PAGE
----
Despite a ballyhooed charm offensive by President Barack Obama, political leaders continued talking past each other on Tuesday in proposing partisan ideas on taxes and spending that have zero chance of winning congressional approval.
Obama met with Senate Democrats in the first of three visits to Capitol Hill this week for face time with legislators from both parties.
The rare personal appearances by the president, a former senator, follow his newly unveiled outreach efforts that included dinner with Senate Republicans and lunch with two influential House members last week, as well as phone calls to various legislators from both parties.
Obama offered no comment to reporters when entering and departing Tuesday's meeting with senators, while White House spokesman Jay Carney rejected any inference that the meetings and phone calls by the president were just for show.
Democratic senators who met with Obama described him as upbeat and supportive.
Sen. Carl Levin of Michigan said Obama called compromise with Republicans essential, but added that the president acknowledged "he hasn't seen enough from them yet."
Another participant, Sen. Ben Cardin of Maryland, said Obama stayed longer than expected to answer "about a dozen questions" on fiscal issues and other topics, noting that he "obviously wanted to be there."
The top Senate Republican, Mitch McConnell of Kentucky, said he welcomed Obama's efforts, adding: "I think having more of that rather than less of that is a good idea."
Democratic senators who met with Obama on Tuesday described the president as upbeat and supportive.
Whether symbolic or sincere, Obama's increased personal engagement came as Congress prepared for the first formal budget debate since the president took office four years ago.
However, all signs Tuesday indicated the issues and rhetoric would be much the same as during the repeated political showdowns that marked the president's first term.
House Budget Committee Chairman Paul Ryan fired the opening salvo, introducing a conservative budget proposal for fiscal year 2014 that he said would eliminate the annual deficit in a decade without raising taxes.
"We think we owe the country a balanced budget," Ryan told reporters. "We think we owe the country solutions to the big problems that are plaguing our nation -- a debt crisis on the horizon, a slow growing economy, people trapped in poverty. We are showing our answers."
The Wisconsin Republican's plan calls for cutting $5 trillion from projected spending increases in the next 10 years while lowering tax rates and getting rid of most of Obama's signature legislation of his first term -- the 2010 health care reform law.
Ryan also revived his controversial proposal to reform Medicare, the health care program for senior citizens that is considered the biggest driver of rising federal deficits as costs increase and more Americans become eligible.
The idea was a major issue in last year's presidential election, in which Ryan was the vice presidential candidate on the GOP ticket that lost to Obama.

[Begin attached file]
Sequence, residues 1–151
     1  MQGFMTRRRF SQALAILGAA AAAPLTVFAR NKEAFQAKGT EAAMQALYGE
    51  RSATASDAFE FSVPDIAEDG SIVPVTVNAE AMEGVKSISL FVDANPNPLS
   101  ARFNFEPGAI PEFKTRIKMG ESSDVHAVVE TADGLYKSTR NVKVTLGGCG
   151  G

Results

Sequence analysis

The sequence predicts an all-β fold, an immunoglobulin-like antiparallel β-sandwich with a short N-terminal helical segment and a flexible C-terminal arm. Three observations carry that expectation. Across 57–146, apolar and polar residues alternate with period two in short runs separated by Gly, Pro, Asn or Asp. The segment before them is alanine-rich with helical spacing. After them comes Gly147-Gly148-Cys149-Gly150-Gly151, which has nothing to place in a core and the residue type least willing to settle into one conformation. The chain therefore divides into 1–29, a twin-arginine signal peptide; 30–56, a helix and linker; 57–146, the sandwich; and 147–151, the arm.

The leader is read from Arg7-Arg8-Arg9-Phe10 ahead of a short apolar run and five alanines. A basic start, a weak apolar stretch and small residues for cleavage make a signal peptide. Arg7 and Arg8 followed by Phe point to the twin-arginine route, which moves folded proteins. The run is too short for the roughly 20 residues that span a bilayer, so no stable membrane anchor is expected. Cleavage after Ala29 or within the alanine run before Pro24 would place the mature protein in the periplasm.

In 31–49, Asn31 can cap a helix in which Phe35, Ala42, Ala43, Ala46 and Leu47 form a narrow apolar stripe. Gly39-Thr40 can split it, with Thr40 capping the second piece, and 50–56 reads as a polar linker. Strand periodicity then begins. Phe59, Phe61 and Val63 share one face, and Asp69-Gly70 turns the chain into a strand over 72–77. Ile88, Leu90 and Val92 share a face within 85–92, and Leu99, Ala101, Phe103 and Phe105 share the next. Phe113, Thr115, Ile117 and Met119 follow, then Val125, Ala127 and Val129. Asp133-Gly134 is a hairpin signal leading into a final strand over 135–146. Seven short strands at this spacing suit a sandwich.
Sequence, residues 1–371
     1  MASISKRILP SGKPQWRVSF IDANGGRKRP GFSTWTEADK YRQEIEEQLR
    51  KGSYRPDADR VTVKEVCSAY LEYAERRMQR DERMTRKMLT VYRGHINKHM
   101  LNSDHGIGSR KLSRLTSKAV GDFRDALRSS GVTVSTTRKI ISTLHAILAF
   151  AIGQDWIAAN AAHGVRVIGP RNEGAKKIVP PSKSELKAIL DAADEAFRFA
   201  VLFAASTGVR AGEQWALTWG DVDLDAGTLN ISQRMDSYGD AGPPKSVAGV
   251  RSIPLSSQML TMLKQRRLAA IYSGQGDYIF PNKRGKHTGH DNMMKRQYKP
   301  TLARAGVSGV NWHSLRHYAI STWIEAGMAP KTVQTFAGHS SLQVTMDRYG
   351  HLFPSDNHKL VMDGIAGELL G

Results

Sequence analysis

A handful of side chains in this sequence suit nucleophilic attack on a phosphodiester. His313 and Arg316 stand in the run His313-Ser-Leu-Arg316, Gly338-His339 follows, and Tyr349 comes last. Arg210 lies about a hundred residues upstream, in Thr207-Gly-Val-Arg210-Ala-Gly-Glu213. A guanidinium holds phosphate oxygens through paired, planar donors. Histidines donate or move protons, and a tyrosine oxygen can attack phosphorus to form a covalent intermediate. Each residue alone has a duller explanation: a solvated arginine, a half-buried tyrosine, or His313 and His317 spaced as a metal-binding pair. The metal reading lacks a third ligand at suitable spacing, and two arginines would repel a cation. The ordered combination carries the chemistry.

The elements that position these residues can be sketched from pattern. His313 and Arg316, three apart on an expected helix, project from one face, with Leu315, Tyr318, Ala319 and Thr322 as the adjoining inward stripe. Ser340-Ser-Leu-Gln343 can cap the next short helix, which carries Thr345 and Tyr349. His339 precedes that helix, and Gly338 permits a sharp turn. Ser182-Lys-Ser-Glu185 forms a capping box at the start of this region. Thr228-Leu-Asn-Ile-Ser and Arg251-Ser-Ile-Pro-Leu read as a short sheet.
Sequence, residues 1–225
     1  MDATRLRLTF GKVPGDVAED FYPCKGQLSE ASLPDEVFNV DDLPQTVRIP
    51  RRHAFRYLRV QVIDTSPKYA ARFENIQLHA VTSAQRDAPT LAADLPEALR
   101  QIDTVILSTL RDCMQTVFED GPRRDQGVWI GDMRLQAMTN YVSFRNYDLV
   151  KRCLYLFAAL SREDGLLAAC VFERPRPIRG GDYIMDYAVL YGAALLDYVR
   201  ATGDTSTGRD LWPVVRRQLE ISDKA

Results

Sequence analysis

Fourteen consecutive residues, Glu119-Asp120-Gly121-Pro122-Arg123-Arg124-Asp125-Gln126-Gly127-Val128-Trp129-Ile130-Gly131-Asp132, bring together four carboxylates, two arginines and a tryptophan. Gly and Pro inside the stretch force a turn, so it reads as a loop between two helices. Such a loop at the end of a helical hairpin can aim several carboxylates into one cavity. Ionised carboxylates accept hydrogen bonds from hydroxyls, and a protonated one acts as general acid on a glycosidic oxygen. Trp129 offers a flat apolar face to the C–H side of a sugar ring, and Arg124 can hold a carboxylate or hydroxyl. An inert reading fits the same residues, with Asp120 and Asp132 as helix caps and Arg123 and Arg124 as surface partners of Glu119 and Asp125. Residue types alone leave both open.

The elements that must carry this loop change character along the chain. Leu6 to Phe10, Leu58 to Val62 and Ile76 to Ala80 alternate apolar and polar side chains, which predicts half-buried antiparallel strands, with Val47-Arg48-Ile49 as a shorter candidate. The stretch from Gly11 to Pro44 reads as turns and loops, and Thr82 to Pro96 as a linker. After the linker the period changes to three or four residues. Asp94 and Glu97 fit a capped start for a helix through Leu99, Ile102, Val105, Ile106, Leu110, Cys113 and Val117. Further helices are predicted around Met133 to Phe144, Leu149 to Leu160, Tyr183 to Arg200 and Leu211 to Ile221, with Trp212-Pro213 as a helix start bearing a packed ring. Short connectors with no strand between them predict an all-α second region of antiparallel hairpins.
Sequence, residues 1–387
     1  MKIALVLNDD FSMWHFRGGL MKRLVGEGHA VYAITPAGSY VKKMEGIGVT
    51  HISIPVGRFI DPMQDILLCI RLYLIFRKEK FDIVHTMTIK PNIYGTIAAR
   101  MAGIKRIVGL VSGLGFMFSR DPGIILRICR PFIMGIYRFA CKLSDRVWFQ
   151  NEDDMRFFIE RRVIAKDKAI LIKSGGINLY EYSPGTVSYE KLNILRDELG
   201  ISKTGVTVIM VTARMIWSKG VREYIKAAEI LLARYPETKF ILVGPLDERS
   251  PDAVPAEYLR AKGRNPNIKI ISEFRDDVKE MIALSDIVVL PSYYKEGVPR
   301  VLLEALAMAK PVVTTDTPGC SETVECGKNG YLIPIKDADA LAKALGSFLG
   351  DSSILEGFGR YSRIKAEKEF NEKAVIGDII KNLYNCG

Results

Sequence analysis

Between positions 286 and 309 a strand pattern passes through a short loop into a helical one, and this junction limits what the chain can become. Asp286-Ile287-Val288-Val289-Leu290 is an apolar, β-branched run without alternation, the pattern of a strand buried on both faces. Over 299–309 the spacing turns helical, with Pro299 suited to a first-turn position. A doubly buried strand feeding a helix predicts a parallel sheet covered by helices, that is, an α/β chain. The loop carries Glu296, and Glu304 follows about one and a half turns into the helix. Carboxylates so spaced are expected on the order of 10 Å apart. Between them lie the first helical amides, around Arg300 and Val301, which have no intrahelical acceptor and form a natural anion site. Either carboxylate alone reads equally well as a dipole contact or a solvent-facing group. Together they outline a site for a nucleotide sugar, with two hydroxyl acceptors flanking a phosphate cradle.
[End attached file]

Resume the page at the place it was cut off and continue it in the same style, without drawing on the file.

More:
It calls for offering senior citizens a choice between traditional fee-for-service Medicare and a premium support system that would provide a fixed government payment to help them buy private health insurance. The plan would take effect in 2024 to exempt people 55 and older today.
Democratic rejection of much of Ryan's approach was swift with the White House saying that his math didn't add up, using language from policy debates of last year's election campaign.
"If instead of asking the wealthiest to contribute to deficit reduction, you say we'd like to give the wealthiest a huge tax cut, the result is that ... the burden is doubled or tripled on everyone else and that just doesn't seem fair and it's also not good economics," presidential spokesman Jay Carney told reporters.
Obama followed up.
"We're not going to balance the budget in 10 years," he said in an interview with ABC News. "If you look at what Paul Ryan does to balance the budget, it means that you have to 'voucherize' Medicare, you have to slash deeply into programs like Medicaid, you've essentially got to either tax middle class families a lot higher than you currently are or you can't lower rates the way he's promised."
Senate Majority Leader Harry Reid, D-Nevada, contended that Ryan's proposal was "even more extreme" than Republican policies rejected by voters in the November election.
For his part, Ryan noted that "the election didn't go our way," but asked whether that meant Republicans must surrender their principles.
However, he sounded contradictory when challenged about his call to eliminate most of Obama's health care reform law. After first saying "we are not going to re-fight the past" and that "law is law" with regard to the measure known as Obamacare, Ryan later said that "we need to repeal and replace Obamacare with a better system."
Senate Democrats plan to make public their own 2014 budget proposal on Wednesday, and Reid confirmed it would call for an equal amount of increased tax revenue from wealthy Americans and spending cuts to help bring down deficits.